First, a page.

• On the ethics (and pragmatics) of cryptography

    by  • February 4, 2012 • Everything Else • 3 Comments

    (Jan 2015 update. Note this post is three years old: it was written a year before the Snowden revelations. But it has a more-or-less accurate threat model regarding the NSA’s technical capabilities and intentions, so the piece is not out of date.)

    I have a knack for crypto. Actually, to be honest, I have a knack for Lego. My mind maps the things you can do with a simple set of tools/rules and then generates simple, easy ways of doing impressive things.

    Good examples of this: the hexayurt or the Simple Critical Infrastructure Maps system. Applied to cryptographic applications, it resulted in CheapID and the infamous, lost PKI stockmarket software I wrote once and erased in fear.

    Here’s our fundamental issue: there are (at least) three actors we need to consider in cryptographic applications design. They are The User, The Mafia and The State. Most cryptographic applications designers (CADs for now) are politically naive Libertarians, and make one of two errors.

    1. They confuse the User and the Mafia, or
    2. They conflate the Mafia and the State

    This is a debate seen most clearly in electronic currency circles. It comes down to taxes. There are two models: this currency is for not paying taxes, because the government are basically a mafia that extracts taxation. Or this currency is not for paying taxes, because we don’t care if our users are organized crime or not, the government are worse.

    These are subtly different models. To model the government as a Mafia is a different thing than to model the users as potentially containing Mafias that cannot be extracted from the system. One or other assumption percolates much CAD thinking.

    I’ve been close to the Government. It’s not a mafia. I’ve been slightly less close to the Mafia. They’re not like users. There is a very clear need to create a system which:

    1. Protects users from the Government
    2. Protects users from the Mafia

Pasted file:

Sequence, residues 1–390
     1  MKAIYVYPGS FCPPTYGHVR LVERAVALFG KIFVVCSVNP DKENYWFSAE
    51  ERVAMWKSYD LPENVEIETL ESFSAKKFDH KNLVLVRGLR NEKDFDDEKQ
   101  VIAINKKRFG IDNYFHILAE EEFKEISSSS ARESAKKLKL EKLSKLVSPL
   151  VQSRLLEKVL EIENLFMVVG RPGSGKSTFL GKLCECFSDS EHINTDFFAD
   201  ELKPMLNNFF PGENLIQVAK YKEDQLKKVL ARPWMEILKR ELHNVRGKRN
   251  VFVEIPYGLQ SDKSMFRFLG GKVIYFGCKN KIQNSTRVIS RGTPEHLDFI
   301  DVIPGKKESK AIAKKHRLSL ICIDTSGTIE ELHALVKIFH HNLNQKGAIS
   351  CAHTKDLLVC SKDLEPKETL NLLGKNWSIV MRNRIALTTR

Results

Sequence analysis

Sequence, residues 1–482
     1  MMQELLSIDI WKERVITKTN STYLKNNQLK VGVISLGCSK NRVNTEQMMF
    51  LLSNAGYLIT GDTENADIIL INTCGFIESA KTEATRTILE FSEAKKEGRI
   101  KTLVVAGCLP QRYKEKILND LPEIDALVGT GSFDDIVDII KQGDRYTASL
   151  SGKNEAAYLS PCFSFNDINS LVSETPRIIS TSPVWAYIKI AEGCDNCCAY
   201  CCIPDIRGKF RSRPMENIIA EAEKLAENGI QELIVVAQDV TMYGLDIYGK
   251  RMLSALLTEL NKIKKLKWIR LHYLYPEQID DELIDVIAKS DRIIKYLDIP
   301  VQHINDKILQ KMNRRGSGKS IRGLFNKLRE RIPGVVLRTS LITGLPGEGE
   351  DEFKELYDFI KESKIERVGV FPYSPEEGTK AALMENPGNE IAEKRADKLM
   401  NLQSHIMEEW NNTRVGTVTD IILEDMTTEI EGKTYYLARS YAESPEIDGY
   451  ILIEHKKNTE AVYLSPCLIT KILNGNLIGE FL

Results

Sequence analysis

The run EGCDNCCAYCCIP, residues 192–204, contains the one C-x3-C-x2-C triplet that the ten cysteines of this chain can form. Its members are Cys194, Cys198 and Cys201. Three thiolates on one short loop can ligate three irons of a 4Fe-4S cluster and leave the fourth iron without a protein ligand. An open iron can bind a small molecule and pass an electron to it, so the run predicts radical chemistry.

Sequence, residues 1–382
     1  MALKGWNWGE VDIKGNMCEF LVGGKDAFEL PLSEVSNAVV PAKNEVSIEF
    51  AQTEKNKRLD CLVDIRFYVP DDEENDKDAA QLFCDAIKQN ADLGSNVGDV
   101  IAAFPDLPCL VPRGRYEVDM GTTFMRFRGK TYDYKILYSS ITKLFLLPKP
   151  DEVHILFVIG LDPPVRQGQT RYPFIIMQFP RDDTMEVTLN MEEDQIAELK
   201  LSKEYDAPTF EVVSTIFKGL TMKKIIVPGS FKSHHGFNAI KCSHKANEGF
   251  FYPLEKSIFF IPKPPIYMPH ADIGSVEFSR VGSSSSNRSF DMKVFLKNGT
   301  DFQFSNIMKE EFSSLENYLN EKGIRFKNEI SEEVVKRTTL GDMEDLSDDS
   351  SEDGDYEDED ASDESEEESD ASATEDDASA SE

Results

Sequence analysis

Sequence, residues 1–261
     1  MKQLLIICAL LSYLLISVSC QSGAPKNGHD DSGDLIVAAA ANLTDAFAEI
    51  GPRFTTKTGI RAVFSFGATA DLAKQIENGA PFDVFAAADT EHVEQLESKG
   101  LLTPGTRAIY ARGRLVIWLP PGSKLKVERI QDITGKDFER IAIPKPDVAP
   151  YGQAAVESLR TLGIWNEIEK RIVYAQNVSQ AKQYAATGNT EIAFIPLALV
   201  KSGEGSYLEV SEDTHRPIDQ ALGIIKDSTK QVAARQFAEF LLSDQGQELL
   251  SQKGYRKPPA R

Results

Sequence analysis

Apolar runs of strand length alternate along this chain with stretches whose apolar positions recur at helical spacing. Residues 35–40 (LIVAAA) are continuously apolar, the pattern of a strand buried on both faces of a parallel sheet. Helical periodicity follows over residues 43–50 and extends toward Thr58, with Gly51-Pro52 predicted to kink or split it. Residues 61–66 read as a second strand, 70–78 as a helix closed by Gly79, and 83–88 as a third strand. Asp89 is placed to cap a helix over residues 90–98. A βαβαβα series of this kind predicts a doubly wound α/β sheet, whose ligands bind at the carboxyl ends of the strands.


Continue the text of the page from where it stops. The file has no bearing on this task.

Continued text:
3. Protects users from each-other
    4. Does not protect The Mafia from The Government

    Now, framing cryptographic applications politics in this way is enough to give most of the people involved in the field conniption fits. The apolitical simplifications made in cryptography and cryptology are actually of the “let us assume the horse is a sphere” variety, and when you build social systems around those kinds of mathematical constructs, inevitable failure results.

    PGP’s web of trust had, at most, half a million users. Facebook’s web of trust has a billion and rising, while providing users absolutely no protection at all from anybody – they’re being predated by advertisers, by the State, and by each-other with no meaningful safeguards.

    So let’s distinguish the Mafia and the State, briefly.

    1. Anybody can declare themselves The Mafia by establishing coercion in collaboration with others
    2. The State is a special instance of cooperative coercion which may have features like popular support, a criminal justice system with rules, or control of critical infrastructure like hospitals
    3. Many of the activities of the State continue with 100% transparency, unlike the Mafia which relies on secrecy to protect it form the State
    4. There are a plurality of States

    Now this teases apart a useful distinction: the State should be able to operate transparently in (nearly) all circumstances. Mafias, more or less by definition, require secrecy to operate. One could possibly argue that a Mafia which is strong enough to operate Transparently is a State, but that’s a political argument with some fundamental weaknesses which I don’t care to make. My definition of the State is that the State is any entity which can retroactively grant immunity for crimes (cf. Weber’s “monopoly of force” model) but this is an aside.